Huntsville is pretty in the spring. It’s green and hilly, skirting the edge of the piney woods of east Texas. Yesterday I saw the first bluebonnets of the year, a burst of color alongside a city street. Wisps of redbud splayed across my path as I walked a wooded trail, and the smell of dogwood was enough at times to make me semi-drunk.
There’s history in the air, too. Sam Houston is buried here and although he died in 1863, his footprints are everywhere — from the university that bears his name, a grand monument in a storied old cemetery, a 15-acre museum and grounds to an enormous concrete statue on I-45 south of town. The general who won the battle of San Jacinto and served Texas as president, governor and U.S. Senator shares a birthday with the state he loved and led. Texas turned 180 years old yesterday. Big Sam would have been 223.
But there’s something else in the air here. It’s ominous and heavy and a little sickening. It hangs in the heart the way a meal you shouldn’t have eaten hangs in your gut, the foreboding of a price to pay, down the road.
Huntsville is the historic home of the Texas prison system. The place is ringed with sprawling prison campuses surrounded by tall fences topped by razor wire, guard towers at the corners. The names Goree, Ellis, Wynne, Holliday and Byrd are as familiar as city streets. Thousands of local citizens work in that system, and thousands of men are incarcerated behind those walls.
We’ve all seen prisons. They built one in my hometown back in the late 1980s. It’s hard to miss those fences, those towers, as you drive the roads of Texas. Most of them have the same look — clean and modern, well-kept and tightly secure.
But there’s one here that’s really spooky. It’s the Huntsville Unit itself, also known as “The Walls.” Just two blocks off the square, it has a three-foot-thick red brick wall from 15 to 20 feet high all around it — a huge, imposing structure right in the heart of the city. It’s the oldest prison in the system, once centered right here but now comprising more than 100 units scattered throughout the state. Those prisons, state jails and other facilities hold more than 148,000 inmates.
The Texas Department of Criminal Justice, with a budget of more than $3.3 billion, long ago outgrew its headquarters, just across the street from the Walls. That old administration building now houses mostly computers. There’s a convenience store next to it, with gas pumps and a sandwich shop on a busy commercial street. A sign nearby boasts that they will cash those TDC release checks for you.
There are 1,700 inmates at the Walls, mostly docile, middle-aged men who’ve spent the majority of their lives behind bars. Death Row is up north now, at the Ellis Unit, where 253 prisoners currently await execution. When the appeals are exhausted and it’s time for that final act, they bring them to Huntsville — inside the Walls.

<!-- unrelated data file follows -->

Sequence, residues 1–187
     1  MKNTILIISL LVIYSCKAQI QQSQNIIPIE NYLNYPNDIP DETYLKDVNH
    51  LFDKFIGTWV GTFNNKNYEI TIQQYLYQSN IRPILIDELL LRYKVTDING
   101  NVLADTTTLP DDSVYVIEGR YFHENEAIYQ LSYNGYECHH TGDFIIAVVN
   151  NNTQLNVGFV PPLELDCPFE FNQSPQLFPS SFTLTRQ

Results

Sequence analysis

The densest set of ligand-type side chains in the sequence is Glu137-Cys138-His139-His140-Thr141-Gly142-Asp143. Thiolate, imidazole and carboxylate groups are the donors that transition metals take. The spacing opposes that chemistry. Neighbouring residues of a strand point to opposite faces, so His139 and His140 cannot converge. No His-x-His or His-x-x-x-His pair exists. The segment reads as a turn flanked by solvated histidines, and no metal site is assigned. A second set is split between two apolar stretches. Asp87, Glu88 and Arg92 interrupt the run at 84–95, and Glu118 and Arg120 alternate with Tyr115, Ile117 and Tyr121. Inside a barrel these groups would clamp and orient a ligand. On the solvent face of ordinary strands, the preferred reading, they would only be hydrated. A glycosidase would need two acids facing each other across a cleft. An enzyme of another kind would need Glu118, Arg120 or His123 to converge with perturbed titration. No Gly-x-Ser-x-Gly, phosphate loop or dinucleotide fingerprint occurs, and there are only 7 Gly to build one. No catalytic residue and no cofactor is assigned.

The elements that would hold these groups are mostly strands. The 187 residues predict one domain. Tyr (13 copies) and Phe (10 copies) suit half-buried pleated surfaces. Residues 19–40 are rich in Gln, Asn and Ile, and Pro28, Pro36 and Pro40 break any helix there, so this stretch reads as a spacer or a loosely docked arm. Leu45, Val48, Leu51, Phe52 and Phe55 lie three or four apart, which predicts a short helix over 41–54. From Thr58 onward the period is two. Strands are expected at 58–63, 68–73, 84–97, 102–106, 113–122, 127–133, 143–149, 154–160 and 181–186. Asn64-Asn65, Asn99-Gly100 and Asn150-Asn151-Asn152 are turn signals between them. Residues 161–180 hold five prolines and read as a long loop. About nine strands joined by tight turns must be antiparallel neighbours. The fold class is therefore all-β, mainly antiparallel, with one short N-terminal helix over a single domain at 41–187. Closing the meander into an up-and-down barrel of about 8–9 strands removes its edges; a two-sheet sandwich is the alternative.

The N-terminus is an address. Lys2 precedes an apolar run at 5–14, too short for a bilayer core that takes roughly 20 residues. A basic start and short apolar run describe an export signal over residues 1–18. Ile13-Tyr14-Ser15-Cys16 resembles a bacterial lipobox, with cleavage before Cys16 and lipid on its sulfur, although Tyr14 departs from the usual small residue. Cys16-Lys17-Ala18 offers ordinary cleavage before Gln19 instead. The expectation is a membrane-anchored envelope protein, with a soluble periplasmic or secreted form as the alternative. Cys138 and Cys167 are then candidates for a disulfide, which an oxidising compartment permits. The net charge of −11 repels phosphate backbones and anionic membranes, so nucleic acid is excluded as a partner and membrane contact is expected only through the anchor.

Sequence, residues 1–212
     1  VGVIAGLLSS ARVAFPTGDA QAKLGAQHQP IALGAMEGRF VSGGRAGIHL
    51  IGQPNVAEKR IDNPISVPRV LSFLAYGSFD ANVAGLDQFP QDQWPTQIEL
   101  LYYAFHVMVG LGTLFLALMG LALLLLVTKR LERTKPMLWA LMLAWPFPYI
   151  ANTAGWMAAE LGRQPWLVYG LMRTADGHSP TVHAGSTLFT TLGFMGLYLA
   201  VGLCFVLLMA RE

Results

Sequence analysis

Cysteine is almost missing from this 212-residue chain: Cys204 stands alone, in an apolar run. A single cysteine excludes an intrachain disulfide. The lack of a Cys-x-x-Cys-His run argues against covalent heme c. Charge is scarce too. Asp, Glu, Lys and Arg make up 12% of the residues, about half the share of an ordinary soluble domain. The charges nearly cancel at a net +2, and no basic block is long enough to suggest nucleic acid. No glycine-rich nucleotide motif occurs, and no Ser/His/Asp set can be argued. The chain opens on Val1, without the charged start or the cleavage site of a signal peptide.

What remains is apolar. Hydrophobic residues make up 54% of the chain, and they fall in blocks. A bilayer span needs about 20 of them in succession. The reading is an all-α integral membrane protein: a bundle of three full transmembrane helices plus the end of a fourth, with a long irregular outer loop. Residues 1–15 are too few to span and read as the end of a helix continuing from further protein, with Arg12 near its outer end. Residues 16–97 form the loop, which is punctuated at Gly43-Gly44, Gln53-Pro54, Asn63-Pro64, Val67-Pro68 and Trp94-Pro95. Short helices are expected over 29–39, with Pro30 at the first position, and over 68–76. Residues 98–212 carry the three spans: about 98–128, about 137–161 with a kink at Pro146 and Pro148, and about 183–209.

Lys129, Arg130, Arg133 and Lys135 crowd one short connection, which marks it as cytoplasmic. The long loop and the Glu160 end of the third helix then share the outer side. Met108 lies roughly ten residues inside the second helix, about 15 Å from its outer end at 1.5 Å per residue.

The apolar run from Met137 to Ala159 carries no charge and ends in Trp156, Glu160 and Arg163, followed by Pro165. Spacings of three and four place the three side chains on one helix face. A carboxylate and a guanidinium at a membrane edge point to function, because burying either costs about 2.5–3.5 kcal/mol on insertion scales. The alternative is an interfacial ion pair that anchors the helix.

The Walls has just eight death row cells, but normally there’s only one inmate there, driven to Huntsville on the morning of the day the sentence will be carried out. He (or she — the state currently has four women awaiting execution) spends the day there, and sometime after 6 p.m. he’s taken to the execution chamber, strapped to a gurney, and in an adjacent booth the executioner does his work. There are separate viewing rooms, and separate ways in and out for the inmate’s family and the victims’ family members who choose to view the execution and hear the murderer’s last words.
This reads like a travelogue, a collection of facts about a place where something happens that most of us would rather not think about. I admit, it was a morbid curiosity that drew me to that old prison. I drove the street around it several times, stopped and took a picture or two. But what struck me more than anything was the peaceful beauty of the place, a quiet residential street with houses, trees and flowers. It’s easy to imagine children playing there — and on the corner, that terrible and terrifying brick wall with the guard tower. The next day, on a visit to the Texas Prison Museum, I learned that the death chamber is in fact directly under that tower.
The museum recounts dramatic events, like the time Bonnie and Clyde busted one of their friends out of prison, or the notorious “Trojan Horse” standoff and escape attempt by Alfredo Carrasco in 1974. A display case memorializes corrections officers killed in the line of duty, and an exhibit contains quotes and portraits of family members of murder victims as well as the murderers, all mournful, all poignant, some biting in criticism of the system, some resigned, some satisfied that justice was done. What they had in common was loss, senseless acts of violence and the state’s quiet but inevitable retribution, played out behind the walls that loom over this beautiful town, even on a spring day amid the dogwoods and redbuds.
It’s a heavy, necessary business, but one most towns are happy to stay out of. Huntsville had no choice.